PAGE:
Former Ireland President Challenges Roman Catholic Hierarchy’s Attitude Toward LGBT Community
January 9, 2014 by Maureen McCarty, HRC Deputy Director of Marketing
Mary McAleese, former president of Ireland, is making headlines this week for asking for a change in the Catholic hierarchy’s anti-gay legacy. While speaking in Scotland, McAleese called for greater transparency within the Church.
“I don’t like my Church’s attitude to gay people. I don’t like, “love the sinner, hate the sin.” If you are the so-called sinner, who likes to be called that?”
The Catholic hierarchy's response to LGBT people has caused tremendous spiritual and even physical harm. Indeed, McAleese attributes intolerance toward gays and lesbians to the rise of youth suicides.
Everywhere lay Catholics like McAleese are calling on their leaders to be true to their Catholic values to love better all of God's people. In the U.S., 54 percent of Catholics agree with McAleese, saying they believe Church leaders are out of touch with the views of Catholics. In pre-dominantly Catholic country like Ireland, 76 percent support marriage equality while across the Irish Sea, two-thirds of Scots, including 57 percent of Scottish Catholics, support marriage equality.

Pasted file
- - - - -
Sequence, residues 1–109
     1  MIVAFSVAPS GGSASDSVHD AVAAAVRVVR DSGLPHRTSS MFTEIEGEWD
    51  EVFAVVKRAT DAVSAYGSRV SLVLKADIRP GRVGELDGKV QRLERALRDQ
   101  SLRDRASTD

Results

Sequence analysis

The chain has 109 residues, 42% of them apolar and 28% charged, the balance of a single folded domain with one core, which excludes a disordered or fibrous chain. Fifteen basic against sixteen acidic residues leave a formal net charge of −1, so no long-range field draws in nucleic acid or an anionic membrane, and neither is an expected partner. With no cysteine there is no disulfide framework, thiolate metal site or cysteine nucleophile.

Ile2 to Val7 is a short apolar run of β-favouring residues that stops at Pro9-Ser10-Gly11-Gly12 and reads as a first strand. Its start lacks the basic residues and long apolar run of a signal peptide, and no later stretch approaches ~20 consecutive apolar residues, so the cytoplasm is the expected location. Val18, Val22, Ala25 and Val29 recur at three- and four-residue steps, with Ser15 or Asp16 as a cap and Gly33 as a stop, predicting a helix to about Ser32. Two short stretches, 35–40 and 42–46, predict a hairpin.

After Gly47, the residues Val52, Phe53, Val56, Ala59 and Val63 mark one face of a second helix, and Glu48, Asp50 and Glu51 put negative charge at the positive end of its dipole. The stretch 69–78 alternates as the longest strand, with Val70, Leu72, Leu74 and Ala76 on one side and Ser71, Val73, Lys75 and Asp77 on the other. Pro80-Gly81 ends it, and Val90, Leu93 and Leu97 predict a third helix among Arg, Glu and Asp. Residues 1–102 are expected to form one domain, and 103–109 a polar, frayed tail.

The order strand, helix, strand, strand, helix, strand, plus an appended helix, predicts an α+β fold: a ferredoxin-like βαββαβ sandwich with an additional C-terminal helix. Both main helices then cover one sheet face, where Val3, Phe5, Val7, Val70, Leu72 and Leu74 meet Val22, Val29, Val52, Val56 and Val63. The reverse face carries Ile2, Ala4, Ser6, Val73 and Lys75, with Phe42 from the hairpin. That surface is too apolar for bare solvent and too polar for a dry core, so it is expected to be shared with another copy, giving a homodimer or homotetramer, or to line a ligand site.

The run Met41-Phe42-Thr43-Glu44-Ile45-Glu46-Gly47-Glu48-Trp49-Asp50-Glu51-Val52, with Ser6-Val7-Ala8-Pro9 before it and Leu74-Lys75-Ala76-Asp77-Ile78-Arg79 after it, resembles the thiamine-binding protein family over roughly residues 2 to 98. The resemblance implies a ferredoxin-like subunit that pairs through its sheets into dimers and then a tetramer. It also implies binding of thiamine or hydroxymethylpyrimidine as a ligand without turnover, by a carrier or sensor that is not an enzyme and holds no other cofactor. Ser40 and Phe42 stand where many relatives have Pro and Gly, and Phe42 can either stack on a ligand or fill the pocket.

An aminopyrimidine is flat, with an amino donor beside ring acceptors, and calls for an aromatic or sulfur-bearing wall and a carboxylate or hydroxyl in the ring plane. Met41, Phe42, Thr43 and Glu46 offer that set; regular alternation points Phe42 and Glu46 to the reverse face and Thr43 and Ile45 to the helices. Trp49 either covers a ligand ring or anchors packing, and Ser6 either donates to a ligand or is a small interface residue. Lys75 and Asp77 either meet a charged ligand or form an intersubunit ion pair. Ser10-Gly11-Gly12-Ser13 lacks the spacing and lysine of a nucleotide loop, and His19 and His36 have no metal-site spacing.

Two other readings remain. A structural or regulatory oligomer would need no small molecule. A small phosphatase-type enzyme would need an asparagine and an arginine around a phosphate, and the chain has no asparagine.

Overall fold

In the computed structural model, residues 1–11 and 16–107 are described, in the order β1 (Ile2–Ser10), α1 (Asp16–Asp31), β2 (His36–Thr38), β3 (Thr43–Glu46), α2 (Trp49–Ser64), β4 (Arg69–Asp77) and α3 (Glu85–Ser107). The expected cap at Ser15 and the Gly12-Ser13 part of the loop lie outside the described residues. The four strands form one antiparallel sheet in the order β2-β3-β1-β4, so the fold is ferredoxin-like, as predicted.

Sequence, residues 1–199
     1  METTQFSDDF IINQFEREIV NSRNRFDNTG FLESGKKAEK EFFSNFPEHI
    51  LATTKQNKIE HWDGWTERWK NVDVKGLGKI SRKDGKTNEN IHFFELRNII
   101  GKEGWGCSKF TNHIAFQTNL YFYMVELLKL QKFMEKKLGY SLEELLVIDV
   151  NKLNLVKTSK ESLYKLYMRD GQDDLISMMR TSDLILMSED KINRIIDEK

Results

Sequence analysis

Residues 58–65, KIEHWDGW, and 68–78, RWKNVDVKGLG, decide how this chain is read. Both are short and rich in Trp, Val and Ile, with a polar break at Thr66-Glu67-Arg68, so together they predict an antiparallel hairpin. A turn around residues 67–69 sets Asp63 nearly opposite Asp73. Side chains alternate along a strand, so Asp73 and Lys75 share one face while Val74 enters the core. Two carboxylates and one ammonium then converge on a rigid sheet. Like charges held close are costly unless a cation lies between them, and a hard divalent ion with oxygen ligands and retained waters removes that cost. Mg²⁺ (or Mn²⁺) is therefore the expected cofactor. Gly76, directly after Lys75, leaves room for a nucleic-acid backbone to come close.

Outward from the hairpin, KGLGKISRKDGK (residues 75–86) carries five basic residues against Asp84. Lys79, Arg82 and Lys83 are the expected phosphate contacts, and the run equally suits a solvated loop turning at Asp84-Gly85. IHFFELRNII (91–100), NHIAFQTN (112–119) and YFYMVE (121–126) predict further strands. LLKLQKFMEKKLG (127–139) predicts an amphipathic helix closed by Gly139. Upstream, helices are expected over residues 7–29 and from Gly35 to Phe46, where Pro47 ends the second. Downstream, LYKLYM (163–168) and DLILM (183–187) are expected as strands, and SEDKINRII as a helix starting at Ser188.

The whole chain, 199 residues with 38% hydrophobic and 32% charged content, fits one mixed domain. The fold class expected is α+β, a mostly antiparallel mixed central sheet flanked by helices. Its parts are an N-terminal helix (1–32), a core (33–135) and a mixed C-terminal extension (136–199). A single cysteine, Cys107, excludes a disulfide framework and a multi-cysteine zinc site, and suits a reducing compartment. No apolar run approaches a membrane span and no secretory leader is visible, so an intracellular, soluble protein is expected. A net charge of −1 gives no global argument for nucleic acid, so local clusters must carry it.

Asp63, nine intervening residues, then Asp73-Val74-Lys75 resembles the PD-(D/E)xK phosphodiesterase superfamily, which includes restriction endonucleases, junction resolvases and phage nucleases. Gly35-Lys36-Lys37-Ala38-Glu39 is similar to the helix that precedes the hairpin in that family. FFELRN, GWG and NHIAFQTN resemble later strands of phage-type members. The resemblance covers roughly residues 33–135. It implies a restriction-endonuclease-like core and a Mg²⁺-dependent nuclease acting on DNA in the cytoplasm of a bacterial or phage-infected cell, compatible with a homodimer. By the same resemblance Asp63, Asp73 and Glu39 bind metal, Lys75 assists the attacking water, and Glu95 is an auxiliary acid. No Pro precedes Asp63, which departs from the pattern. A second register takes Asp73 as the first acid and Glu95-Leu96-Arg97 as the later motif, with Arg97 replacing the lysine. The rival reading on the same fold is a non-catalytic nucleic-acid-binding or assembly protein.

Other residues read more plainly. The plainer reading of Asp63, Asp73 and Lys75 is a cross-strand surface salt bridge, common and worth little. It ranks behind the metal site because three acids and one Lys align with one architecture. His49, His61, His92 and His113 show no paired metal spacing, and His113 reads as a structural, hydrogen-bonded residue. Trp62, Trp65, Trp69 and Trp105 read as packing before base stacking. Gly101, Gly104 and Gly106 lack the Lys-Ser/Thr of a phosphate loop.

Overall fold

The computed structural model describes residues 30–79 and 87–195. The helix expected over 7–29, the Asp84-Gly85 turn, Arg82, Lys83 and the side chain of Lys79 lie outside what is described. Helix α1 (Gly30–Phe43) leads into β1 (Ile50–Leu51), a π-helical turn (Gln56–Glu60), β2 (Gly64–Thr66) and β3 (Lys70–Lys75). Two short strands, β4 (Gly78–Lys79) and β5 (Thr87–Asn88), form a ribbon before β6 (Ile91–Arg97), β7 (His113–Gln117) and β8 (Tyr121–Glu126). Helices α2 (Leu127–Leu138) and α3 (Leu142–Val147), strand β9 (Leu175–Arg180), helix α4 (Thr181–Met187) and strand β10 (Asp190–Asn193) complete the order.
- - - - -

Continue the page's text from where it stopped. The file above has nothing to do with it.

Though England and Wales passed a marriage equality bill in July, the fight for same-sex marriage continues in Ireland and Scotland continues. Though the Catholic Church and Church of Scotland oppose the legislation, there are many supportive religious leaders who support same-sex marriage in Scotland. And recently in Ireland, the Prime Minister came out in support of marriage equality, setting in motion the initial stages of a Spring 2015 referendum on same-sex marriage.
HRC is working to build a diverse faith-based movement speaking out for LGBT justice where no one will ever have to choose between who they are, whom they love, and what they believe, and is broadening awareness of the global equality movement. To learn more, visit our Religion and Faith and our Global Engagement resource sections.
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